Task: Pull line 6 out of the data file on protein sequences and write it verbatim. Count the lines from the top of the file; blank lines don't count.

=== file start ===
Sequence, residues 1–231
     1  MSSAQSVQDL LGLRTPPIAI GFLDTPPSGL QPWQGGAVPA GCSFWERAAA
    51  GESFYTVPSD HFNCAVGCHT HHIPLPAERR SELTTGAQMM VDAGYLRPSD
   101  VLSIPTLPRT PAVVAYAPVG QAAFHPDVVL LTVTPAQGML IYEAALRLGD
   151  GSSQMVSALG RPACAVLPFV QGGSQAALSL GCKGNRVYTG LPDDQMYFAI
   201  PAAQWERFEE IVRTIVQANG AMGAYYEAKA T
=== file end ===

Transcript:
   201  PAAQWERFEE IVRTIVQANG AMGAYYEAKA T